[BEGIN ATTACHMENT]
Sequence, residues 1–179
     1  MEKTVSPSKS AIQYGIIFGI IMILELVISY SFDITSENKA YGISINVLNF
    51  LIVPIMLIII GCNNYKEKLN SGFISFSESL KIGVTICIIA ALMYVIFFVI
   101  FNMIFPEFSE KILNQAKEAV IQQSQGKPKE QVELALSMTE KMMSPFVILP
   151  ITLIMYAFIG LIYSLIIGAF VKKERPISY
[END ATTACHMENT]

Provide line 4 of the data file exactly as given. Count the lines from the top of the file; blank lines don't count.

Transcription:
   101  FNMIFPEFSE KILNQAKEAV IQQSQGKPKE QVELALSMTE KMMSPFVILP